An amputation is the surgical removal of part of the body, such as an arm or leg.

This topic may be helpful if you or a member of your family has recently had an amputation or is about to have one.

An amputation may be needed if:

  • you have a severe infection in your limb
  • your limb has been affected by gangrene (often as a result of peripheral arterial disease)
  • there’s serious trauma to your limbs, such as a crush or blast wound
  • your limb is deformed and has limited movement and function

Assessment Before Surgery

Unless you need to have an emergency amputation, you’ll be fully assessed before surgery to identify the most suitable type of amputation and any factors that may affect your rehabilitation.

The assessment is likely to include a thorough medical examination to check your physical condition, such as your nutritional status, bowel and bladder function, cardiovascular system (heart, blood and blood vessels) and your respiratory system (lungs and airways).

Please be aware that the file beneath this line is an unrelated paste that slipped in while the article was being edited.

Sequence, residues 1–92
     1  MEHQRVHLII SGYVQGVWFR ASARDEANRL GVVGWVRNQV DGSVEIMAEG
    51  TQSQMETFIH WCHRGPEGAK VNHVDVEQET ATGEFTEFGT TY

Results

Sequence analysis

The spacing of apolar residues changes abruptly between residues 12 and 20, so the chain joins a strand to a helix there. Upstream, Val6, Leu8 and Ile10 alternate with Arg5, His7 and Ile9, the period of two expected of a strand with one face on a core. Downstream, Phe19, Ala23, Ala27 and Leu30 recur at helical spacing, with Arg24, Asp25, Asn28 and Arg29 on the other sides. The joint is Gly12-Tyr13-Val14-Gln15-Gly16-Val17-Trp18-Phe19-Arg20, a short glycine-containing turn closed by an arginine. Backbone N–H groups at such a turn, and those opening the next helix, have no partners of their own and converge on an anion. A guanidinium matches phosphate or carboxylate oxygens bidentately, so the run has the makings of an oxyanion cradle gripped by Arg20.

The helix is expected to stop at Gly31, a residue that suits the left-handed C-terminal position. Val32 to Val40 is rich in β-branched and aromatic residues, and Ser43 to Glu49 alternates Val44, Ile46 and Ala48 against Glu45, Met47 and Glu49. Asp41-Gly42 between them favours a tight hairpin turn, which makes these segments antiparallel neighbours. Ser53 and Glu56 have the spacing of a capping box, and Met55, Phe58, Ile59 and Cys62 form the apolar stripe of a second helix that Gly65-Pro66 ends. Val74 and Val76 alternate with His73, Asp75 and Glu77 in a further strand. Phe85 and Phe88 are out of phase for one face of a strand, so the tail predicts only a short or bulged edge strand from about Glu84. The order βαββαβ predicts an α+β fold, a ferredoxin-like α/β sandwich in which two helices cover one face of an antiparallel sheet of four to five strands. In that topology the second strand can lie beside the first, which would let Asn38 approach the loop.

The doctor will also check the condition and function of your healthy limb. Removing one limb can place extra strain on the remaining limb, so it’s important to look after the healthy limb.

It may also include a psychological assessment to determine how well you’ll cope with the psychological and emotional impact of amputation, and whether you’ll need additional support.

There may be an assessment of your home, work and social environments to check if any changes will need to be made to help you cope.

You’ll also be introduced to a physiotherapist, who will be involved in your post-operative care. A prosthetist (a specialist in prosthetic limbs) will advise you about the type and function of prosthetic limbs or other devices available.

If you’re having a planned amputation, you might find it reassuring to talk to someone who’s had a similar type of amputation. A member of your care team may be able to arrange this.

Finding Your Feet have a private Facebook group which is a great place you can go to get advice or just chat with other amputees.  You can join here!